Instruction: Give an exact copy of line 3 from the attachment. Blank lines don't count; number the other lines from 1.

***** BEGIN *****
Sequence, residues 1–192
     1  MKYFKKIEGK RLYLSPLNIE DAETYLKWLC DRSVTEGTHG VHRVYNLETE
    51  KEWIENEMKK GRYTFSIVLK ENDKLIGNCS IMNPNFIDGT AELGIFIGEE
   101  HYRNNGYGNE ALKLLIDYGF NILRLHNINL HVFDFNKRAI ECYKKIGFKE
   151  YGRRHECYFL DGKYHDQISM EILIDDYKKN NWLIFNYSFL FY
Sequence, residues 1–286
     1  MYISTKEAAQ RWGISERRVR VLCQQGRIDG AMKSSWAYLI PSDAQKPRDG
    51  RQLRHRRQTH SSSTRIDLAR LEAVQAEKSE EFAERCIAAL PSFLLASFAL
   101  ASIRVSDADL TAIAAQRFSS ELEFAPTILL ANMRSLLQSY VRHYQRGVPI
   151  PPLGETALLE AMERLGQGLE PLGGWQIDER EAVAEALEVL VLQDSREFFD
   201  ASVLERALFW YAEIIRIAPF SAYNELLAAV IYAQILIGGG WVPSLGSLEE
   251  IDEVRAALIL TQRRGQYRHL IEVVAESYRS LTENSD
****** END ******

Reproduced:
    51  KEWIENEMKK GRYTFSIVLK ENDKLIGNCS IMNPNFIDGT AELGIFIGEE